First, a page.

A walk to Katarmal

Tripoto
28th Sep 2017

Kumaon or Kumaun, derived from the word Kurmanchal which means Tortoise avatar of Lord Vishnu. To me it is not JUST a word; it is a ‘Feeling’. You feel Himalayas accepting you with open arms; you feel a million stars conversing with you. It’s all a heavenly feeling for which words never truly suffices. Many temples were built in Kumaon from 7th Century AD to 1300 AD, 400 temples were built in the district of Almora alone and 44 temples on Katarmal which is one of the four hills that encircle the town. Katarmal, an 800 year old Sun Temple, situated around 17Kms Northwest of Almora, is the second in importance after the Sun Temple of Konark in Orissa. Katarmal is known for a relatively rare Surya Temple, constructed by the Katyuri Kings in the 9th Century CE. Katarmalla, a Katyuri King constructed this temple, which has 44 smaller temples around the main deity of Surya, which called as Bara Aditya - the God Surya, built over 850 years ago. At an elevation of 2116 metres, it is 17Km from Almora - Ranikhet Road (3Km on foot) cross the river Kosi. Other deities are Shiva- Parvati, Lakshmi-Narayana etc. are also established in the Temple complex. Besides Katarmal, there are four other Sun Temples in India: 1. Modhera Sun Temple in Gujarat 2. Martand Temple in Kashmir 3. Osia in Rajasthan 4. Konark Sun Temple in Orissa. The first rays of the Sun fall straight on the Katarmal Sun Temple which is why this is one of the most important temples dedicated to the Sun God.

Photo of A walk to Katarmal 1/6 by Nikita Dalal

In the early medieval period, Kumaon was ruled by the Katyuri dynasty which was the branch of Kunindas origin and was founded by Vashudev Katyuri. The Katyuri dynasty ruled from 7th to the 11th Century AD and controlled large parts of Kumaon, established their capital at Baijnath in Bageshwar district which was then known as Kartikeyapura and lies in the centre of ‘Katyur’ valley. They used stones instead of bricks in these temples. Large stones were quarried and transported over the hilly terrain, and iron clumps were used to hold the stones together. The Sun Temple in Katarmal is notably popular for its magnificent unique architecture, artistically cut stones and metallic sculptures of medieval period and beautifully carved pillars and wooden doors, it has 44 small, exquisitely carved temples surrounding it. The image of Surya in the Temple dates back to 12th Century. Katarmal Sun-God, the idols of Shiva- Parvati and Lakshmi-Narayana are also found in the temple which is an example of intricate sculpturing. However, the intricately carved doors and panels have been removed and been taken to the National Museum in Delhi after the 10th Century idol of the presiding deity was stolen. Now, it is protected and preserved by the Archaeological Survey of India(ASI). This temple has been declared a monument of national and historical importance under the Ancient Monuments and Archaeological Sites and Remains Act, 1958.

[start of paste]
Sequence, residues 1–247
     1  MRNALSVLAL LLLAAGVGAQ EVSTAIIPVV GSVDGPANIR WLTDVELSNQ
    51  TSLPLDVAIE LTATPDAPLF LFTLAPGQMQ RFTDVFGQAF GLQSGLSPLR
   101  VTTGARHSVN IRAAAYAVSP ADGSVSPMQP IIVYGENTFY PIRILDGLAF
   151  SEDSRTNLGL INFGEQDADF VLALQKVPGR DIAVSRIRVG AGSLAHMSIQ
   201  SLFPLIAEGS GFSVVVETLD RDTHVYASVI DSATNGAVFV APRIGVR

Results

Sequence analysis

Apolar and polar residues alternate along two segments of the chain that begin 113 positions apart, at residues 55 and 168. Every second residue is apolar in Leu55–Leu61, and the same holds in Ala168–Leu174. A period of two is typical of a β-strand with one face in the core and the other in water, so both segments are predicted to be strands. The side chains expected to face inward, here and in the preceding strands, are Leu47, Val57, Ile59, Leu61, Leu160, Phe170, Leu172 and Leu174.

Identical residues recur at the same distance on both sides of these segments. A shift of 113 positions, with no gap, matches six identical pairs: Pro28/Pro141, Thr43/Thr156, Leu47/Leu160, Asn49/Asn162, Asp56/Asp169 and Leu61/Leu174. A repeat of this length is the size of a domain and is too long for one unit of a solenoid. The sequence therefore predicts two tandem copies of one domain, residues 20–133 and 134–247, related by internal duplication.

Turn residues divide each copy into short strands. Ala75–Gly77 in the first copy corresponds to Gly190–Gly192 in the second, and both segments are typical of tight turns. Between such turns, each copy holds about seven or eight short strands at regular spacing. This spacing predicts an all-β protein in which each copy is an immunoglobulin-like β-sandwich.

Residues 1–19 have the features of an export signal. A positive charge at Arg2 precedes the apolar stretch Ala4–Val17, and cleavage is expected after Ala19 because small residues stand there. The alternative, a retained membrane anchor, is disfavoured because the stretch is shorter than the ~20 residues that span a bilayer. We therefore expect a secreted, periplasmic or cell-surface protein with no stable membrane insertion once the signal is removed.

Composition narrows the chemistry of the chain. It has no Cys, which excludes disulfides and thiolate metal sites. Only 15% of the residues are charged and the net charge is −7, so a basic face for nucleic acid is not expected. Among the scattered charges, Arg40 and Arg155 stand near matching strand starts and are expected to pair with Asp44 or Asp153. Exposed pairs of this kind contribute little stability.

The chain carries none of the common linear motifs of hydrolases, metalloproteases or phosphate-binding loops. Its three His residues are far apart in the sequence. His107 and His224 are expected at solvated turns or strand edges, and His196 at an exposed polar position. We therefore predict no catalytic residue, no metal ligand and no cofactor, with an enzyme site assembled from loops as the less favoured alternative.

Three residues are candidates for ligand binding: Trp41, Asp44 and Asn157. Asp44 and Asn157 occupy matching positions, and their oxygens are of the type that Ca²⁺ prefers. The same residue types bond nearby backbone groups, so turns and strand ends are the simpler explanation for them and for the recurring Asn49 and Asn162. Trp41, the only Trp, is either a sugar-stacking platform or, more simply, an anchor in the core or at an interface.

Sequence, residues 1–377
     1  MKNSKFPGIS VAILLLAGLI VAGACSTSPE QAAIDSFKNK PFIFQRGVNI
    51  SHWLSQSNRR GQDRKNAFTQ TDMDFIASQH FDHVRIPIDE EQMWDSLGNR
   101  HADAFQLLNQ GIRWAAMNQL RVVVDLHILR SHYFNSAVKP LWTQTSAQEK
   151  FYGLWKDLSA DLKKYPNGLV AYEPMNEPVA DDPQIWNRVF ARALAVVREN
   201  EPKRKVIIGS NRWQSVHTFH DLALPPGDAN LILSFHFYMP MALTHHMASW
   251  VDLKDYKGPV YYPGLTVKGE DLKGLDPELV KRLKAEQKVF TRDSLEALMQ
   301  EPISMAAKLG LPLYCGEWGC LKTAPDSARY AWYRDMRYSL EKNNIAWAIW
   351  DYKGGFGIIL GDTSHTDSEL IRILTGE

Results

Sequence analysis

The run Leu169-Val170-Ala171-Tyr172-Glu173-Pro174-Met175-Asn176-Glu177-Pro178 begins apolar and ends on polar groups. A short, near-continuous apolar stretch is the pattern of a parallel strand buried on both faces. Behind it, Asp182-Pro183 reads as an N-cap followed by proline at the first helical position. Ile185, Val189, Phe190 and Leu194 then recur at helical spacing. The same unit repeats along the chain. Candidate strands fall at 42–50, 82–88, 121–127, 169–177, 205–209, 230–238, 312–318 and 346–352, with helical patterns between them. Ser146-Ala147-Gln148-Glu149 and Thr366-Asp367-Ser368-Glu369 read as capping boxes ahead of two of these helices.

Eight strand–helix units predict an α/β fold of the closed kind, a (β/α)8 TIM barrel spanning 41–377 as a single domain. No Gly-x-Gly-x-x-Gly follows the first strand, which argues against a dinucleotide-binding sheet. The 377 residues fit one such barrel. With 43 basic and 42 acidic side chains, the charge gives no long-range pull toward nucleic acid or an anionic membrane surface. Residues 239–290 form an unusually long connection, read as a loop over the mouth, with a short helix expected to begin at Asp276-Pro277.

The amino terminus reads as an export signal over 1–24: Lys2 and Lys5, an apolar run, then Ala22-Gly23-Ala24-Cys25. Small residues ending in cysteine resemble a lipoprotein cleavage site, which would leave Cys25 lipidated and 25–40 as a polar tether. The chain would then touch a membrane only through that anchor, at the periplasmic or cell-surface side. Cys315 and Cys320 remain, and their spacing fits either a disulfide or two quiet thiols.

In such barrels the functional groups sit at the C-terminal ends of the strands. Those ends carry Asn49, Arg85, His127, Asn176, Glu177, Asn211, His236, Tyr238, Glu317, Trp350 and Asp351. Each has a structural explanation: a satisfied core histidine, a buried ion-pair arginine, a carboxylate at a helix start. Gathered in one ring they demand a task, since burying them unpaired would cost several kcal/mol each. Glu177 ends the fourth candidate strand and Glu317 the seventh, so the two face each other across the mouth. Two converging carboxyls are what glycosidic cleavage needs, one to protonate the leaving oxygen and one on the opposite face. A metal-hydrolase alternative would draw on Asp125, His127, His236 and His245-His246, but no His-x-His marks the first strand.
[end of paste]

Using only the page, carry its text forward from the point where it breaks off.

Photo of A walk to Katarmal 2/6 by Nikita Dalal
Photo of A walk to Katarmal 3/6 by Nikita Dalal
Photo of A walk to Katarmal 4/6 by Nikita Dalal

Katarmal Sun Temple complex has one main temple surrounded by 45 smaller shrines exquisitely carved temple surrounding it. This temple has some unique architectural style and the image carved on the walls are very intricately done. Though amidst ruins, it still stands as a major point of attraction in the region and many devotees visit here to offer prayer to the Sun God. The Katarmal Sun Temple is a major pilgrimage centre that attracts thousands of Sun God devotees every year from different parts of the country and the world. A beautiful trek among the thick deodars leads all visitors, trekkers including foreigners to the Katarmal Sun Temple where they get a splendid view of Almora town and nearby villages from the temple ground.

During Makar Sankranti, Katarmal Mandir Samiti organizes a Bhandara for the devotees of Sun God where people enjoy the Prasad. 

Photo of A walk to Katarmal 5/6 by Nikita Dalal
Shades

Reaching Sun Temple at Katarmal, Kosi, Almora.

1. Take a bus from Anand Vihar ISBT (Ordinary bus charges range from 400-500 Rs) or a train to Haldwani (Travel via train is cheaper if you reserve your seat in advance).

2. From Haldwani take a cab/bus to Almora (Cab on sharing basis would charge you 200-300, bus would charge you 100-150 Rupees)

3. From Almora, take a cab to Kosi village (up to Kosi village, on sharing basis the cab would charge you around 30-50 Rupees) or directly to Katarmal village which comes after Kosi village (uphill to Kosi village).

Photo of A walk to Katarmal 6/6 by Nikita Dalal
The board says it all.

Kaberi Ghosh (Katarmal Sun Temple), A wonderful piece of information.

Points to remember.

1. Carry water.

2. Let the area be peaceful even in your presence.

3. Do not litter.

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